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Trad Beat Raffertys play it straight, no chaser

February 16, 2011

By Staff Reporter

By Earle Hitchner

THE OLD FIRESIDE MUSIC, by Mike and Mary Rafferty, Larraga Records LR093098, 229 Baldwin Ave., Hasbrouck Heights, NJ 07604; (201) 288-4267 (CD, $15; cassette, $10; add $3 for postage).

It’s been almost four years since "The Dangerous Reel," one of the Irish Echo’s top recordings for 1995, made by the outstanding father-and-daughter duo of Mike and Mary Rafferty. This new, eagerly awaited follow-up will only burnish their reputation for playing Irish traditional music with singular skill and feeling, stripped of artifice yet full of artful touches throughout.

Mike’s flute and Mary’s button accordion blend with effortless punch on the reels "Follow Me Down to Galway/Follow Me Down to Carlow," backed on guitar by Donal Clancy, son of Liam Clancy, and the match of Mike’s flute and Mary’s tin whistle on "Dinny Delaney’s," a hornpipe and reel medley, is equally impressive.

Two of the three tracks on which Mike is featured as a flute soloist, "The Hard Road to Travel/Shanks Mare" and "Barrel Rafferty’s/Paddy Murphy’s," reflect the deep-seated musical influence of his native Ballinakill in East Galway. "Barrel Rafferty’s," learned from and named for his father, and "Paddy Murphy’s," titled for the late great Limerick fiddler, are done without accompaniment, and the stark beauty inherent in each melody comes through with unhurried power in Mike’s playing.

Another unexpected pleasure of the album is "The Stack of Wheat" hornpipe lilted by Paddy Rafferty, who’s joined by his brother Mike on flute. Years back, both appeared on Joe Burke’s "The Leg of the Duck" recording, and here the brothers combine for a lilt-and-lift rendition that is a total delight. Kathleen Glynn, Mike and Paddy’s sister, adds to the album’s family connection with the song "May Morning Dew," backed by Mike on flute and uilleann pipes.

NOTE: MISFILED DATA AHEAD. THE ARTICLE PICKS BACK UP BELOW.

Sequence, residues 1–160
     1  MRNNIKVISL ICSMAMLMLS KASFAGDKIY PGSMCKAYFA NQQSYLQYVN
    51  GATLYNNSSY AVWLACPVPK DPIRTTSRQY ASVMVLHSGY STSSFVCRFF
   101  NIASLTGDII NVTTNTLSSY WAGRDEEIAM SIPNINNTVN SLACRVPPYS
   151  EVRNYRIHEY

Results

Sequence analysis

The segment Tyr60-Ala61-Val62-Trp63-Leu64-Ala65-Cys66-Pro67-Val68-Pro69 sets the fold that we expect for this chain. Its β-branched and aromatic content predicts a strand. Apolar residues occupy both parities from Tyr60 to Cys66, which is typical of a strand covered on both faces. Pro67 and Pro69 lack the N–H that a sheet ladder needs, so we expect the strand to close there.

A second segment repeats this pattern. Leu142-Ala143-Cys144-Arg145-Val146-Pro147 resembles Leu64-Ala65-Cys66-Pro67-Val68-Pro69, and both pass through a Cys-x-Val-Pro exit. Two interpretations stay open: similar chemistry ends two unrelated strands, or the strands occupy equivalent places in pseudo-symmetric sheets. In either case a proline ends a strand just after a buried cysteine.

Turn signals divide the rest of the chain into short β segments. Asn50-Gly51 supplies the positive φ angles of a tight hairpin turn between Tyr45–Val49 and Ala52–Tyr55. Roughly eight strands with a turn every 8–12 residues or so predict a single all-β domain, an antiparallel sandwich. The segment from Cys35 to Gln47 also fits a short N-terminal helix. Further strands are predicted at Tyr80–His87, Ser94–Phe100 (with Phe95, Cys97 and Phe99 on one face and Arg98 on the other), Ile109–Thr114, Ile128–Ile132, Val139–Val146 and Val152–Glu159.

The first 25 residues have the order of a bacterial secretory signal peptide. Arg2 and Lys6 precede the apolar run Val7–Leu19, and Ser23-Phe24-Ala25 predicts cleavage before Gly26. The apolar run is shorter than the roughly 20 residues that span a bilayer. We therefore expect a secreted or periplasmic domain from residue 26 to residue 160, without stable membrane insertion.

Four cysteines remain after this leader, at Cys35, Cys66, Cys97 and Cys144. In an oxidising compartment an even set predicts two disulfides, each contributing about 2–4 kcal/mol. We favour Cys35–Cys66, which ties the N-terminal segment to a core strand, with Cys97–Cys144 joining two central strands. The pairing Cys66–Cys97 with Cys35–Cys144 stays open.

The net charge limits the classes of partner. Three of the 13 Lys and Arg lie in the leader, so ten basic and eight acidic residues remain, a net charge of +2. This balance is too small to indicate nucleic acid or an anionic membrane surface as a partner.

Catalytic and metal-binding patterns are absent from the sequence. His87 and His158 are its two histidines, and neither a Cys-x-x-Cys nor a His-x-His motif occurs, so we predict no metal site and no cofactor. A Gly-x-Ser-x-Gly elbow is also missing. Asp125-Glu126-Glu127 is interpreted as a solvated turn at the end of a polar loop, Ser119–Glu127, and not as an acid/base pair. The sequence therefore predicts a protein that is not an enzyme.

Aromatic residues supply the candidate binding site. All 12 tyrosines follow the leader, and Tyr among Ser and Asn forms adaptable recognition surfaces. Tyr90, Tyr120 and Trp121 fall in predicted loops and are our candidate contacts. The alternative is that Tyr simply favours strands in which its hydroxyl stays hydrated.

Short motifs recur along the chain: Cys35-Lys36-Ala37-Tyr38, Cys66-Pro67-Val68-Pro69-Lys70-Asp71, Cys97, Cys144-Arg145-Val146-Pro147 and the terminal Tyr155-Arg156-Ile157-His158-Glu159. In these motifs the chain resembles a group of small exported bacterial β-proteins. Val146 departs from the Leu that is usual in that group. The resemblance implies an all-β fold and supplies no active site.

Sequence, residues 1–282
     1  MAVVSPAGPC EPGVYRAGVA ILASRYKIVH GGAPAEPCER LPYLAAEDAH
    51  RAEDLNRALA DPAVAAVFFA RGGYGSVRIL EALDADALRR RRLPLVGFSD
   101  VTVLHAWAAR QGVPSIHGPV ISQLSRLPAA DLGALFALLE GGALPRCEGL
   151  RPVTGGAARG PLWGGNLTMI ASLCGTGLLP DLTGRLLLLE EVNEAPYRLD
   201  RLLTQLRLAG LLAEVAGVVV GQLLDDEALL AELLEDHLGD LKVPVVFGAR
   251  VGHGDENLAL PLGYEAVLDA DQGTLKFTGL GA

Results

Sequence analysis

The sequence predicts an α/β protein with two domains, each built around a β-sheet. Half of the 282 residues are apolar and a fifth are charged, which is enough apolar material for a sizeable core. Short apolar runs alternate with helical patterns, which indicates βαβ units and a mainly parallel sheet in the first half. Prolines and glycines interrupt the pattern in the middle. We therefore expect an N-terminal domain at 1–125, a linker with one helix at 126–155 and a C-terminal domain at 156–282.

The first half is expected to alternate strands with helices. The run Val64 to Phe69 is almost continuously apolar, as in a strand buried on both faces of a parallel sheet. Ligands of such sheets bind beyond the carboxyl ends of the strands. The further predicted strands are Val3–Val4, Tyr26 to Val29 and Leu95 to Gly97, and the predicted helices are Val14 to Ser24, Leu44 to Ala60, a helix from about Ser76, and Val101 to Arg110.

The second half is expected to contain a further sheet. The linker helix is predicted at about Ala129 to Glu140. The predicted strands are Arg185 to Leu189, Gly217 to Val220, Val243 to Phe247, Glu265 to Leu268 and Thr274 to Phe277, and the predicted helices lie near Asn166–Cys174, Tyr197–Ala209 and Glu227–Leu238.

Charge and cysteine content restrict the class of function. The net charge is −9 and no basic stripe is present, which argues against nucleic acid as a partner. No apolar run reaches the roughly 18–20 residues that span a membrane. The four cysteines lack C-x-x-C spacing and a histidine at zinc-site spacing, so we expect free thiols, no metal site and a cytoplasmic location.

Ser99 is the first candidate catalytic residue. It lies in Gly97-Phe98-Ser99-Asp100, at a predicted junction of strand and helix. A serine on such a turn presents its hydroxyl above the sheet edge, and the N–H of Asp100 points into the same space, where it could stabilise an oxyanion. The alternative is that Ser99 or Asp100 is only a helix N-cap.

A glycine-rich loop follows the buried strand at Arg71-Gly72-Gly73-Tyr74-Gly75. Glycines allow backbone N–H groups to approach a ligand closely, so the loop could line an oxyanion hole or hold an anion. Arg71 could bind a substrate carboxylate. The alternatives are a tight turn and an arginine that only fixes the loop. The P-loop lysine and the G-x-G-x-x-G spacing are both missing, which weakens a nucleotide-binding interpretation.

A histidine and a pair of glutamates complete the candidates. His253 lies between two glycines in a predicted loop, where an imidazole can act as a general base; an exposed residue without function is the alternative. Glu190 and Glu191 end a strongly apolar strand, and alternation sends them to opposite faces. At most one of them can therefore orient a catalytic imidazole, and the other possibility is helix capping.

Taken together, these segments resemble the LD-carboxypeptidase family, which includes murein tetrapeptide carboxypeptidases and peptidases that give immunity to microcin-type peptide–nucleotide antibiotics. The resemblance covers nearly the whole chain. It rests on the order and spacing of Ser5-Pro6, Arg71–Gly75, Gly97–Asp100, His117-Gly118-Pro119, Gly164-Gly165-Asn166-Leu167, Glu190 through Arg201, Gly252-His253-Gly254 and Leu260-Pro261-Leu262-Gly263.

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With her dad, Mary Rafferty expertly performs "Tip Toe Home," a reel she wrote that appeared on last year’s "Threads of Time" album by Cherish the Ladies, of which she’s a member. Mary also forcefully steps out solo on three tracks: "Bonnie Scotland/The Midnight Hornpipe" and "Ashplant/The Merry Harriers," both done on accordion, and "Doherty’s/The Dunmore Lasses," which she plays on tin whistle.

Recorded in Connecticut and Galway, "The Old Fireside Music" fondly recalls a time of house dances and parlor playing in Ireland. There are no bells or whistles here, no studio tricks or "enhancing" electronics. It’s the pure drop — straight, no chaser, to borrow the great Thelonious Monk’s phrase. Free of filigree, the album is an utter marvel, crafted by two gifted instrumentalists who together know how to bring listeners back to the home and heart of the Irish tradition.

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